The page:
“If they could figure out a plan that’s equitable for everybody, then yeah, why shouldn’t they,” Geno Auriemma asked, when talking about the potential payment of college athletes on his SNY show.
The National Collegiate Athletic Association has been operating as a monopoly; or, more specifically, a monopsony. A monopsony exists when a market has multiple producers and only one consumer. In this case, the producers are the athletes (who are producing talent), and the consumer is the NCAA. With only one organization responsible for college athletics, the NCAA gets to practice complete market power in the name of one word: amateurism.
By claiming the importance of a student’s education, the NCAA has been able to get away with not paying their athletes, despite the amount of revenue taken in by the organization every year. The NCAA often argues that students receive compensation in the form of scholarships and grants paid out to their athletes. This system, however, is failing. First, the cost the NCAA pays in scholarships is far below what the market dictates an athlete should actually receive. Second, it has even been reported that schools such as the University of North Carolina have “paper classes,” which are fake classes with grades high enough to boost an athlete’s GPA to the minimum 2.3 required by the NCAA.
While it may not be as extreme in all schools, there is evidence for sub-par athlete education all across the country. If the only form of compensation being given to college athletes is their education, it should be a good education. College athletes often struggle to post high GPAs, but it’s rarely their fault. The fact is, the little amount of time that student-athletes have to dedicate toward athletics makes it extremely difficult to remain a good student. They push their bodies to the point of exhaustion, and then are expected to stay up doing homework. This is a failing of the NCAA, not of the athletes.
My argument is not necessarily that the NCAA should be responsible for paying athletes. Rather, it would be easy enough for them to simply revoke the ban on receiving endorsement deals or appearance fees. In a recent case, O’Bannon v. NCAA, plaintiff Ed O’Bannon and 19 other former basketball and football players argued that the NCAA violates antitrust laws. Their argument was in regards to NCAA video games, in which the likeness of a player is used (their team, their number, their physical attributes) and yet the player receives no compensation. The original ruling on this case favored the student-athlete. The NCAA was required to set up trust funds for athletes to become available upon graduation. There was a cap, however, of $5,000 per year. The NCAA appealed to the Ninth Circuit, and this trust fund was revoked. The judges in this case, instead, decided that the NCAA was responsible for paying all costs of attendance for student athletes. As of March 2016, this case was appealed by O’Bannon to the Supreme Court.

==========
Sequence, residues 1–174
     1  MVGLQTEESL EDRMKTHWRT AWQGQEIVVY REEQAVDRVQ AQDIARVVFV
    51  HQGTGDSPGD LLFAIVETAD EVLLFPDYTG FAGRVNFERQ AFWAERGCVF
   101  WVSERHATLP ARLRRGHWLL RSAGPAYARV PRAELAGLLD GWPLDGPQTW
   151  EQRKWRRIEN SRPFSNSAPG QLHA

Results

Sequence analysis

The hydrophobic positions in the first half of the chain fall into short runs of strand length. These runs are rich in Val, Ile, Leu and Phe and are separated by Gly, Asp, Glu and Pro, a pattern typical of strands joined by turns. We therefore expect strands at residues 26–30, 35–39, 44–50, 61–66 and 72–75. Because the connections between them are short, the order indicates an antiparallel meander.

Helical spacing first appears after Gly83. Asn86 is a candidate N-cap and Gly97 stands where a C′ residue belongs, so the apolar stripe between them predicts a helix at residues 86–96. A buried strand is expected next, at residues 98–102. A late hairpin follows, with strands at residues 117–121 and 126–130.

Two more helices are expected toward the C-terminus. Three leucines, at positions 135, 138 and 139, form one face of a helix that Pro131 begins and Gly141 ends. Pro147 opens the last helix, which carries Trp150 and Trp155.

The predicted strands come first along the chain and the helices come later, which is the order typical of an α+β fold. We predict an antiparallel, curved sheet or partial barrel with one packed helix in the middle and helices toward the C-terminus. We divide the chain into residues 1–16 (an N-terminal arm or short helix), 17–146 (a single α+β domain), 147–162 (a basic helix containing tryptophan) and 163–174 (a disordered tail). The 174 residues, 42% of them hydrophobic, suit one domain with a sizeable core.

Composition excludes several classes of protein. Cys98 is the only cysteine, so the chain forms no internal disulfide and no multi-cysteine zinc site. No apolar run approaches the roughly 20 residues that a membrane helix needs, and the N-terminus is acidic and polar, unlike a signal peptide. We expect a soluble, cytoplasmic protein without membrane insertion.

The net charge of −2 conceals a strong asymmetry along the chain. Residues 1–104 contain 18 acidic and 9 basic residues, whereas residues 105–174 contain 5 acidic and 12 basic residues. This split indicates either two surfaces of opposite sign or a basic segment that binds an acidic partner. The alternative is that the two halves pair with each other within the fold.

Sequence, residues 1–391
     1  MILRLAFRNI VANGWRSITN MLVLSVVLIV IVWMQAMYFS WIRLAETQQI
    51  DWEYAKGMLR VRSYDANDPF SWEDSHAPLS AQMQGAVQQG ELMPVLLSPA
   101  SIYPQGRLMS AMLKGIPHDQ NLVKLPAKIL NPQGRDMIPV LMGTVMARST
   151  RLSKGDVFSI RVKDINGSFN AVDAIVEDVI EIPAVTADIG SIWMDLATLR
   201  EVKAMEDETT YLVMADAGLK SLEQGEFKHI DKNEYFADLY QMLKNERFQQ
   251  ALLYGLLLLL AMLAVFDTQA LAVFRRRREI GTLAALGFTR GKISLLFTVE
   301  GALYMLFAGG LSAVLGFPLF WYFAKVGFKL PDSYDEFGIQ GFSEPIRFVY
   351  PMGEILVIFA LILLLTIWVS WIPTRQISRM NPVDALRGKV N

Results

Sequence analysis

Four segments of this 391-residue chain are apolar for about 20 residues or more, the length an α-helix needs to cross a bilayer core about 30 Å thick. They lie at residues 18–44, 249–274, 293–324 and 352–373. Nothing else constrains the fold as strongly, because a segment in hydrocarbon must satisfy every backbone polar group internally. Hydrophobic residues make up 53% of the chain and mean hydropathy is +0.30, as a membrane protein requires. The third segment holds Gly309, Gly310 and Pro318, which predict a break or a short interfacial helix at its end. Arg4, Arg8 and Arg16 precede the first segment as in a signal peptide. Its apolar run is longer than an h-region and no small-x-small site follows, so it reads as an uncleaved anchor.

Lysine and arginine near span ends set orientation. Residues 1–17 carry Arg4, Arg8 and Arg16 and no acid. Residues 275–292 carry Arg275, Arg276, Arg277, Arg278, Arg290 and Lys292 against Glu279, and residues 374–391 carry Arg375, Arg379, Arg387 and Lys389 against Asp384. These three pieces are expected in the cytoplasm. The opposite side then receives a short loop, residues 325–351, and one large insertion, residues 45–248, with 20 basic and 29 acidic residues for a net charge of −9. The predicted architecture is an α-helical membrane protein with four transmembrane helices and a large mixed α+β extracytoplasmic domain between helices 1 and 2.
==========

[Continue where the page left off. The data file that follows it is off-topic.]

Should the Supreme Court hear this case, I think it is likely that the NCAA will lose. However, it is not unheard of for the Supreme Court to allow antitrust exemptions in sports. Famously, Major League Baseball has, to this day, an antitrust exemption. Fortunately for professional baseball players, the Major League Baseball Players’ Association was able to overcome many obstacles put forth by this monopoly and earn fair salaries through arbitration and free agency. This could never be achieved in college sports, primarily because the NCAA has been able to block college athletes from unionizing.
Recently, former athletes of Northwestern University filed a claim with the National Labor Relations Board, claiming that they were employees of the college and thus should be granted the right to unionize. The NLRB’s response was to toss the issue aside without making any kind of definitive ruling. They did not say whether or not they believed that student-athletes should be considered employees. They simply stated everything that could go wrong if they were to make a ruling in favor of the athletes. Namely, that the competitive balance would be upset within the NCAA if one school were allowed to unionize while others could not. Additionally, they can only speak for the private sector, so there would be a discrepancy between public and private universities.
These are all valid points for the NLRB, which cannot make a blanket decision on this matter. For now, NCAA athletes have no pay and no say. They are governed by regulations that are antiquated and, frankly, illegal. Those who do not go on to play professionally will never see a return on their time spent playing sports, will have had no time to make and save money while in college, and will have likely performed poorly in school compared to non-student-athletes. They’re being set up to fail. If the Supreme Court doesn’t hear O’Bannon’s case, NCAA athletes will have to find a way to come together and fight for unionization. That’s the only way to prevent this monopsony from continuing for decades to come.
Rachel Schaefer is a campus correspondent for The Daily Campus. She can be reached via email at firstname.lastname@example.org.